But it isn’t just small districts that could end up filing for bankruptcy or dissolved altogether. There’s Detroit Public Schools, which like the city government, is already under state receivership. The district’s new state-appointed financial czar, Jack Martin, must deal with more than just systemic academic failures and declining enrollment. Detroit is on the hook for part of the Michigan Public School Employees Retirement System’s official pension deficit of $22.4 billion (and more like $30.4 billion, or 36 percent more than officially reported, according to a Dropout Nation analysis of the pension using a calculation developed by Moody’s) as well as $26 billion in unfunded retired teacher healthcare liabilities. If Michigan adopted more-realistic accounting for the teachers’ pension than it does now, Detroit Public Schools would have to pay $138 million, or 35.6 percent more than it contributed to the pension in 2011-2012, the latest year reported, just to make up its share of the underfunding. Considering that Detroit’s revenue declined by 15 percent — or $187 million — between 2010-2011 and 2011-2012 (from $1.27 billion to $1.07 billion), there’s no way the district could handle any kind of double-digit hike.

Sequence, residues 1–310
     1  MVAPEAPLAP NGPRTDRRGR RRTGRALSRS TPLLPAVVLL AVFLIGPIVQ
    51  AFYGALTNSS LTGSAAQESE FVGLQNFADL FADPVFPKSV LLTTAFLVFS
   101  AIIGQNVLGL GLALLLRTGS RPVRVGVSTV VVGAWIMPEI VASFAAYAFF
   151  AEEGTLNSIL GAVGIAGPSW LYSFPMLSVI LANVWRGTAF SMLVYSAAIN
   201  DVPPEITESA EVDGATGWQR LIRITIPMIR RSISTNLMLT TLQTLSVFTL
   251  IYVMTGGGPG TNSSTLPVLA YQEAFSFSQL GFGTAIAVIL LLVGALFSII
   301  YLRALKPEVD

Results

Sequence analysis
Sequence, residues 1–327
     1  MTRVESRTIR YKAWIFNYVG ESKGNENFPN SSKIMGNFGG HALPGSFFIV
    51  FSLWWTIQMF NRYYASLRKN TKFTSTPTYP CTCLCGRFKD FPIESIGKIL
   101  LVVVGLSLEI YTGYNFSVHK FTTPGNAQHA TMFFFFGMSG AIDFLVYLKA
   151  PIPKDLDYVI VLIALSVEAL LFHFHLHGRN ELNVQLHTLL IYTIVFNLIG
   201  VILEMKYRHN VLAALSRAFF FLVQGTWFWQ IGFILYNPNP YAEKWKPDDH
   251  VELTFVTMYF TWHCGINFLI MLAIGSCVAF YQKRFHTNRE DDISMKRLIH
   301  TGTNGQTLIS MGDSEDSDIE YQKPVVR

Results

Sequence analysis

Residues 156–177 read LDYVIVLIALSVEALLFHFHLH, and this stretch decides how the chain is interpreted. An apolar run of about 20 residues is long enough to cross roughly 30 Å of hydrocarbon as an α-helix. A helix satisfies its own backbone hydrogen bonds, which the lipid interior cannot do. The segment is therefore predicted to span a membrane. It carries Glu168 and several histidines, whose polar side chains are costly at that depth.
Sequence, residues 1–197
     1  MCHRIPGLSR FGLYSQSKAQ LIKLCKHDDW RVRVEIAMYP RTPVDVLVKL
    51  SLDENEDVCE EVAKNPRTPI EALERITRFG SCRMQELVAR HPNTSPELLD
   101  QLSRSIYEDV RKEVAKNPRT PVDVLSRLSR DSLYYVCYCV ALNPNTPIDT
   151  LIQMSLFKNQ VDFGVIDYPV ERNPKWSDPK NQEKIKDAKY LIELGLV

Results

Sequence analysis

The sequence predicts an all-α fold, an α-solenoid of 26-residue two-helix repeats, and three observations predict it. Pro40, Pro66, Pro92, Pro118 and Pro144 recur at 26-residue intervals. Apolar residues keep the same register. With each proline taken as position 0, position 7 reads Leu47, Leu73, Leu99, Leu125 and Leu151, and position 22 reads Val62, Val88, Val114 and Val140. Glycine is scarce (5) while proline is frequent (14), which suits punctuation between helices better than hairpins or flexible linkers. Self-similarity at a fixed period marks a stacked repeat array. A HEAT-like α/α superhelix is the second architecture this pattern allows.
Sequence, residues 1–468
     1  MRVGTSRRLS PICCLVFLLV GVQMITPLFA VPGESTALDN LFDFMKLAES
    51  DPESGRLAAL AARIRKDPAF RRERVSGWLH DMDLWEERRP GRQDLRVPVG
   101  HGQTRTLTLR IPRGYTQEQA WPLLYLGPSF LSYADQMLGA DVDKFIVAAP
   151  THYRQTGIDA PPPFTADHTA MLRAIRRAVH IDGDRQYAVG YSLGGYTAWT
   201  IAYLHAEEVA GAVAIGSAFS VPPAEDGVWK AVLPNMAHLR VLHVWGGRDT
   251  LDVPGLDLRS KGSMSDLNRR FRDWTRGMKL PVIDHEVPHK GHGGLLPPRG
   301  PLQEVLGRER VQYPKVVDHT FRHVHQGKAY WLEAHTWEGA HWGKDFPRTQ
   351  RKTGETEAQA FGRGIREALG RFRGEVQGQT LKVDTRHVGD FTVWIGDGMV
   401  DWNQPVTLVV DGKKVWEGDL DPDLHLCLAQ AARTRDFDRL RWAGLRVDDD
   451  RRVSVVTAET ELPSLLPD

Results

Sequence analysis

But pensions aren’t the only woes weighing on the Motor City district. A successful move by the district four years ago to float $507 million in bonds (with interest rates as high as 7 percent) to fix existing buildings now seems particularly senseless given the shutdown of 91 schools during the tenure of recently-departed financial czar Roy Roberts and his predecessor, Robert Bobb. Even more infamous spending sprees — including the acquisition of 160 BlackBerry smartphones and 11 motorcycles on the taxpayers’ dime, as well as the purchase of five floors in the landmark Fisher Building for $24 million (or $3 million more than its owner had paid for the entire building) — have also been costly. Although a series of bond refinance efforts have helped reduce interest payments, the district still spent $190.2 million –or 18 percent of its revenues — to service $2.2 billion in debt outstanding. Add in the missteps by Roberts during his tenure (including the reversal of staffing reductions predecessor Bobb made during his tenure, as well as striking a new deal with the Motor City’s AFT local that will make it even harder to control payroll costs), and one can see that Detroit Public Schools is virtually insolvent. A bankruptcy filing of its own is likely.